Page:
Well, ‘tis the season of something or another. Actually, it is Advent, or near enough, which does raise the question of why the world, in its commercial aspects at least, has been doing Christmas since early September. I did see some research which suggested that Christmas now started in mid-August, having moved back a month since 2007. Mind you, this did depend on, I think, twitter feeds and statistics. Which either means that the world has gone Christmas mad, or that Twitter is unreliable, or that there are lies, damn lies and statistics. Or some combination of these, of course.
Anyway, I digress only to raise the question of when to break out my ‘Keep Calm, its Only Christmas’ mug. It would appear that I am some months too late. And I would also like to point out that Advent is actually a fast, like Lent, and is not supposed to be a months long knees up. Someone told me the other day that people she knew put their trees up so early they took them down before Christmas Day, because they were fed up with them. Sad, but let it be a warning to us all.
Anyway, the other season has been the season of Remembrance. I thought it was a day (or possibly two, since they moved it to the nearest Sunday and then moved it back), but apparently it is now officially a season. And, it being the centenary of the First World War breaking out, there has been a lot of First World War about. Indeed, one commentator I read (I forget whom) noted that all conflicts seemed to have been conflated into the First World War. Perhaps that is a uniquely British thing.
The centenary has also influenced the wargaming world. Around the shows, on blogs and manufacturers web sites, World War One has been popping up all over. Refights of the battles and new figure line are, so far as I can tell, all over the place. This strikes me as slightly odd, as for years, when I was a lad, World War One, at least on the Western Front, was deemed to be unplayable.
Now, of course, things have moved on. Rule sets have been written to enable the gamer to play out some of the big battles of the Western Front. Innovative techniques in rule creation, in assessing the effects of barrages and so on have been used. The scale of the figures has been shrunk, so that a base might represent a battalion. The level of abstraction has been increased beyond the imagination of a 1970’s gamer (at least, beyond my imagination; that may not be very hard). The games can be played. So why do I not like them?
I suspect that part (but only part) of my problem is the ‘Oh what a lovely war’ syndrome. By this I mean that the historiography of the Great War that I was bought up with was that it was a war fired by nationalism and jingoism (with a dash of social Darwinism thrown in), that the battles were pointless wastes of blood, and that the whole thing was a disaster fuelled by idiot politicians and incompetent diplomats, an international treaty system which ensured a Europe-wide conflagration, and an utter failure by the armed forces leadership to recognise the realities of warfare.
Even though this picture may well have been nuanced over the years, it is still clear that it does hold a lot of historical weight. There might be arguments over the ‘lions led by donkeys’ thesis, which argues that any officer over the rank of captain was incompetent, or whether the Allied armies were actually really good by the end of the war, and so on, but it is clear that as the first really modern war, the mass slaughter, howsoever it occurred, was exactly that.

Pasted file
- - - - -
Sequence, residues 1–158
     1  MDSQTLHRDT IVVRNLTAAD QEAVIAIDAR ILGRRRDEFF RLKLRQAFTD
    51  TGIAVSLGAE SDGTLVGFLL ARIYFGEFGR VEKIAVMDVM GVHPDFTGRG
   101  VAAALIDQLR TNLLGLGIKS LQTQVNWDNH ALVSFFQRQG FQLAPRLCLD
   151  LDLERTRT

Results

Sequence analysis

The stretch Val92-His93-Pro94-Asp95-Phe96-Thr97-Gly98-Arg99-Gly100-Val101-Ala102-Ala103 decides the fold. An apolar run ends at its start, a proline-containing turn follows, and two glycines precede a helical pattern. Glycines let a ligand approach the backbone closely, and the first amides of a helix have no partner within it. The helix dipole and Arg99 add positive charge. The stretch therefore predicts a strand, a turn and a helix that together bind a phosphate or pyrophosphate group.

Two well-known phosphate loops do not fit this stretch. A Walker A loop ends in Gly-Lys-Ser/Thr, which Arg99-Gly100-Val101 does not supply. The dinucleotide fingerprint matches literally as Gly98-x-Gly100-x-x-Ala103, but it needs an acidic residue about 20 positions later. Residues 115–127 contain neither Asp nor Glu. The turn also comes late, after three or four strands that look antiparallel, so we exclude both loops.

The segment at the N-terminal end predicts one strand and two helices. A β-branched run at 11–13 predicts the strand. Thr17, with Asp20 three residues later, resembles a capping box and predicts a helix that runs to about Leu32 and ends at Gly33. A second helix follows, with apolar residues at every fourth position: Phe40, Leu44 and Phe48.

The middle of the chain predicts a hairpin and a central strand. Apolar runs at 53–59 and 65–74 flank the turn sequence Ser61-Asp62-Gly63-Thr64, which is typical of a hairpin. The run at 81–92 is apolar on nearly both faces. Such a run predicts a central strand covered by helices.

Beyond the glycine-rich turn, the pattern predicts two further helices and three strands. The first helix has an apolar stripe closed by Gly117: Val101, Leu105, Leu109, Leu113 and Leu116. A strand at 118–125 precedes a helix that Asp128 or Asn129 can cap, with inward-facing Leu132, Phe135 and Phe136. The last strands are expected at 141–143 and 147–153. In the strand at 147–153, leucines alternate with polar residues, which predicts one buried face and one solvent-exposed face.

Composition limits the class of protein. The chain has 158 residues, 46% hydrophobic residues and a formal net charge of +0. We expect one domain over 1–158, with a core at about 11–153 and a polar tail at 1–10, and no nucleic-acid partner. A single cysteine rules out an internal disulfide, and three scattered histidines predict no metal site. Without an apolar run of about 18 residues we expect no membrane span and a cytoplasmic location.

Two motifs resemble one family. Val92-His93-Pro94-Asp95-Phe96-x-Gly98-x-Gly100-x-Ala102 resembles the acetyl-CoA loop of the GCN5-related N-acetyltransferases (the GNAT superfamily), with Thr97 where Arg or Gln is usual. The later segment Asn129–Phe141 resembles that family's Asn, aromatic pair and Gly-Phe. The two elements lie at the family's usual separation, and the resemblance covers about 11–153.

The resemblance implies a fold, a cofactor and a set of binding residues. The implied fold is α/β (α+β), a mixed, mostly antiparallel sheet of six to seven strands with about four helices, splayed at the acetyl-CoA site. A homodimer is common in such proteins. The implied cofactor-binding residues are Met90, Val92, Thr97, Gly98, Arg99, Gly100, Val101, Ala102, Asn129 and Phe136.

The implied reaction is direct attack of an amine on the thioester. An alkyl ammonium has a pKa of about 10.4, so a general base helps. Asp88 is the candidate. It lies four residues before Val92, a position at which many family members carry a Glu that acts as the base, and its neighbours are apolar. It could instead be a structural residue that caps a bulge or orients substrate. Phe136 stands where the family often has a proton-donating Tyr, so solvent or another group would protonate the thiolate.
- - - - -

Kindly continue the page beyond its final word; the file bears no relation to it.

And so, I return to the level of abstraction that World War One requires on the wargames table. As far as I can see, casualties are not inflicted. Units might be disrupted, supressed, or to have gone to ground. Artillery barrages might devalue the defence. Machine gun emplacements might degrade the opposition. But the men are not blown to bits; they do not have no known resting place because the ground upon which they fell has entirely removed any trace of them. The wargame table fields are not filled with stones engraved ‘A Soldier of the Great War Known Only to God’. In short, the necessary level of abstraction removes us, as wargamers, from the individual experience of the carnage of the First World War battles.
Now, of course, it can be argued that any wargame does exactly that. We rely, as I have probably repeatedly mentioned on this blog over the years, on a degree of abstraction, otherwise we could not wargame at all, either practically or emotionally. All wargames are, to some extent, sanitised, of course, and much of the violence is abstracted away. So what, for me, makes World War One an no-no?
I am not sure that there is a single answer, and nor am I sure that I have a consistent one. For me, the historiography of the war is about the horror and intensity of the fighting. Replacing that with nice markers for ’suppressed’ on a battalion caught by artillery in an open field is pushing the bounds a bit too far. I think also that the season of Remembrance also focusses on that carnage and, for me, makes it harder to play a game without imagining the effects of my barrage on the ground. Earlier wars may have had their share of horrors and outrages, but the battle lines did not spread over hundreds of miles.
Finally, perhaps I have been too influenced by the poetry and prose in response to the war. Siegfried Sassoon and, in particular, Wilfred Owen portrayed the war as a senseless slaughter of ordinary men. Even more so, Robert Graves’ Goodbye to All That showed the perceived disaster of the war, and is engrained in my interpretation of it. Finally, and most devastating, ‘All Quiet on the Western Front’ simply makes the battles unplayable. When the book ends with the statement ‘He died on a day that the high command simply reported at it was all quiet on the western front’, what can a wargamer do? In my case, I simply don’t go there.